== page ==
FIBA Women’s Basketball World Cup 2022: Australia’s bronze medal win proves Opals don’t need Liz Cambage anymore

The Opals don’t need Liz Cambage anymore.

They proved that with a resurgent bronze medal-winning performance at the FIBA World Cup to get back where they belong — on the podium at a major global basketball tournament.

For the past three decades, the Opals have arguably been Australia’s best performing national team on the world stage, picking up medal after medal.

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But Cambage’s meltdown against Nigeria in the lead-up to last year’s Olympics and subsequent withdrawal from the Tokyo Games left the Opals reeling both on and off the court.

Her absence left a gaping hole in the team and the Opals were knocked out in the quarterfinals, marking the first time since 1992 that they had not won a medal at the Olympics.

Cambage’s basketball career is hanging by a thread after she stepped away from the WNBA and both her and the Opals have made it clear she will never play for Australia again.

But moving on without the towering 31-year-old was always going to be a tough task and required some soul searching by the Opals.

Credit must go to coach Sandy Brondello for bringing the team together for an extended training camp ahead of a home World Cup and including Lauren Jackson in the squad, which has proved to be an inspired decision.

The Opals had to shake things up without Cambage and a whole host of Australian WNBL and WNBA stars stepped out of her shadow at the World Cup in Sydney.

Steph Talbot and Marianna Tolo produced their best performances for Australia and carried the team on their back at times.

Bec Allen shot the lights out before getting injured, energiser bunny Sami Whitcomb was a workhorse at point guard, Cayla George showed why she’s a heart and soul player, while Sara Blicavs and Kristy Wallace also had superb moments.

And that’s without mentioning Ezi Magbegor, who didn’t quite have the breakout tournament many had expected but at 23 years of age, will be the face of the Opals for the next decade.

All tournament long, Aussie greats Michele Timms, Jenni Screen and Jenna O’Hea raved about how the team had rediscovered the “Opals identity” — a selfless team-first approach that prioritises a never-give-up defensive attitude and doesn’t focus on just one player.

When Australia lost its first group stage game to France, the ghost of the nightmare Tokyo campaign flashed back, but the Opals responded by winning their next five games to progress through to the medal rounds.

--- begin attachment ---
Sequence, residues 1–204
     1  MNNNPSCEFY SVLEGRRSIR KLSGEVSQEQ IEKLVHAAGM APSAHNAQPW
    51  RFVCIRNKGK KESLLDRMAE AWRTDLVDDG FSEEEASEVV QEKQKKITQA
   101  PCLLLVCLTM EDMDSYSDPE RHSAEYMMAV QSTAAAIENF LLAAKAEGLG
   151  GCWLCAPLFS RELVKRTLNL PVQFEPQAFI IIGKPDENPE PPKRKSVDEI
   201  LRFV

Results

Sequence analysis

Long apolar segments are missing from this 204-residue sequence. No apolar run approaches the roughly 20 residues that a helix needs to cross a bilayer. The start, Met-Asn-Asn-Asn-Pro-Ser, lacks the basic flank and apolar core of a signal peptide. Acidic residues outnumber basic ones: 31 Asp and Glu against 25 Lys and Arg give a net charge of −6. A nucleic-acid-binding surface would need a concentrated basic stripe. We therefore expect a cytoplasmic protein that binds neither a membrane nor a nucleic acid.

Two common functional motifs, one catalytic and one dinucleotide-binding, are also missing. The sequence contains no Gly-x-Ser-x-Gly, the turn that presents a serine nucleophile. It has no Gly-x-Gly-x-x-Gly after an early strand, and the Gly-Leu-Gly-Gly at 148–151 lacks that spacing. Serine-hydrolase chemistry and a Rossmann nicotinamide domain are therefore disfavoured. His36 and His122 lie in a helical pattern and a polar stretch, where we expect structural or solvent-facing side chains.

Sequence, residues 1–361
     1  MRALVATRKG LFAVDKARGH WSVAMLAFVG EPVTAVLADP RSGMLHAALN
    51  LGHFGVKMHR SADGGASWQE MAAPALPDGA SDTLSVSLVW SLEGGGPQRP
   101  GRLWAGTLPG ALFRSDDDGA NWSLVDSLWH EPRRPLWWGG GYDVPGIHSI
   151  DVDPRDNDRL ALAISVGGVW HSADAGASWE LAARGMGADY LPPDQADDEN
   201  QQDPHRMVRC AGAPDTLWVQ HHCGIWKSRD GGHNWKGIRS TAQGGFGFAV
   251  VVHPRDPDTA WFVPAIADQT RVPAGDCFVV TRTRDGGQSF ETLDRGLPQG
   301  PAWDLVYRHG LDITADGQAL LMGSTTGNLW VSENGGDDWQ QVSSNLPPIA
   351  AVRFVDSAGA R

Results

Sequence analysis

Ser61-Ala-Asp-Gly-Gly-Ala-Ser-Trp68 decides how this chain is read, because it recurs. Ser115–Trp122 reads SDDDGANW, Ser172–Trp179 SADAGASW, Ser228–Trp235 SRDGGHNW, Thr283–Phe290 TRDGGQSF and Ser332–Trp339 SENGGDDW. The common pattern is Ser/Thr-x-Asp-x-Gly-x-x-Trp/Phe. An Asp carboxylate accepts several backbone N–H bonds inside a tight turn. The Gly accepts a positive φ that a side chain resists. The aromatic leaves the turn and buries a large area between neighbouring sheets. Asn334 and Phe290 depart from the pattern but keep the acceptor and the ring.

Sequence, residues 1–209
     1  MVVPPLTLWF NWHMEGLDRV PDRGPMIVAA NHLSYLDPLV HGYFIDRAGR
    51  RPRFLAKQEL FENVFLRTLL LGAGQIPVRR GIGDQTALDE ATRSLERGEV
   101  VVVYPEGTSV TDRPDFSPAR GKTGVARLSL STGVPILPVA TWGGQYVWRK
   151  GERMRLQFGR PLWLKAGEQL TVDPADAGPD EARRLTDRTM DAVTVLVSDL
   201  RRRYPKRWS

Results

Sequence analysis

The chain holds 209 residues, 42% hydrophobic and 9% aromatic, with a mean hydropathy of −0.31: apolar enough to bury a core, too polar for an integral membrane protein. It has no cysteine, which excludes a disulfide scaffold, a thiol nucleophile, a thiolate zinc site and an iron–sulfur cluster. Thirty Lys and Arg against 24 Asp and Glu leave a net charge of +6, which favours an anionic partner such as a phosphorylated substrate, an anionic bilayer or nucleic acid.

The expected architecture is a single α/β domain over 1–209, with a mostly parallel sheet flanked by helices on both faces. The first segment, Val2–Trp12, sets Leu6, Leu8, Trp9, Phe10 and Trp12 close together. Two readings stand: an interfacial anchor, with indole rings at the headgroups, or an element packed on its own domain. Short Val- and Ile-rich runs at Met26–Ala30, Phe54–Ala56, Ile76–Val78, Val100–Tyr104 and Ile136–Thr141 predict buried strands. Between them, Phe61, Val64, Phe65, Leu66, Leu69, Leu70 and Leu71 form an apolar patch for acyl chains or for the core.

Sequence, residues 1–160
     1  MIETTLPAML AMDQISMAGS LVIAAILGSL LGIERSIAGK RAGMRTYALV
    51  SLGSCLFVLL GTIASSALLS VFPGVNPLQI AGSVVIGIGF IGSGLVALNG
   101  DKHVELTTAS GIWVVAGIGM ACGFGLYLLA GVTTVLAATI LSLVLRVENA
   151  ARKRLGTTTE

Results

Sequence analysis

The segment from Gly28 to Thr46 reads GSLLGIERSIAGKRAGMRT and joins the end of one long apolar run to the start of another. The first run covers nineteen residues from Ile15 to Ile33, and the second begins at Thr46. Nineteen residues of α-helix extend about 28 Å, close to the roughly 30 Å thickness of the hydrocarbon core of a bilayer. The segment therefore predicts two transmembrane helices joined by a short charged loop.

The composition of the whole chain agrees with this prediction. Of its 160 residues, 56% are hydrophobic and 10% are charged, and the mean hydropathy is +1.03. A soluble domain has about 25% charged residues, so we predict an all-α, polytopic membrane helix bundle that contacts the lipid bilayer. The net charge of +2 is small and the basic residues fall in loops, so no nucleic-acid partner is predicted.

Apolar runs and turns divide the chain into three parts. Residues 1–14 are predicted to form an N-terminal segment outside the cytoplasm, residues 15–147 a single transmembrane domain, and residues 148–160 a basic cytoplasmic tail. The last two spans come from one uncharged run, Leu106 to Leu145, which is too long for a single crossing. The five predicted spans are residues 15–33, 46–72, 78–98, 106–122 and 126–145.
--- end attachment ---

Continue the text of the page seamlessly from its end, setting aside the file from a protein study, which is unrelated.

Brondello wasn’t afraid to mix up the starting line-up and use her full squad, although it must be said the call to play Jackson for just three minutes in the semi-final loss against China was a peculiar one and arguably cost Australia a spot in the gold medal game.

Regardless, it’s clear the Opals have put the events of Tokyo behind them and proved they can win without Cambage.

That would have been no easy feat, with former captain O’Hea admitting she was still coming to terms with Cambage’s shock exit.

Asked if the Opals have turned a corner in the post-Cambage era, Australian basketball legend Gaze told news.com.au: “I think there’s no doubt about that.

“The way they played in Tokyo with some difficult circumstances there was not how we’ve seen the Opals over the past 20 to 25 years. There was clearly some cultural issues going on. “They’ve been able to address those and I think they’re coming out the other end of it looking like they’re getting back on track.”

The Boomers great said there was no doubt Jackson sprinkled some much-needed magic dust both on and off the court, and her remarkable 30-point haul in the bronze medal match against Canada certainly helped.

“The balance of the team they’ve got now with Lauren coming back in probably more to address some of those leadership and cultural issues they’ve experienced in recent times, it’s not just what she brings on the floor it’s also off the floor,” Gaze said.

“I think Sandy has been able to work her way through, make some assessments along the journey, make some subtle changes to what she’s doing.

“Marianna Tolo’s been fantastic, the loss of Bec Allen was a huge blow. To be able to weather that storm was a good situation for us.

“I also think one of the somewhat unsung heroes has been Steph Talbot. Her versatility and the energy and the hustle she brings has been a critical factor in the team’s success.”

Can the Opals now dream of claiming a medal at the next Olympics?

“For sure,” Gaze said.

“You look at their team and I think there’s a nice blend of some experience and some youth. “We’ve seen already, 12 months is a long time for a lot of these teams, a lot can happen.

“I think they way they’re playing. They’ve got some girls that have been together for quite some time.”

Jackson insists she won’t making another comeback but even without her, there’s every reason for these Opals to believe they can be back on the podium at the Paris 2024 Olympics.

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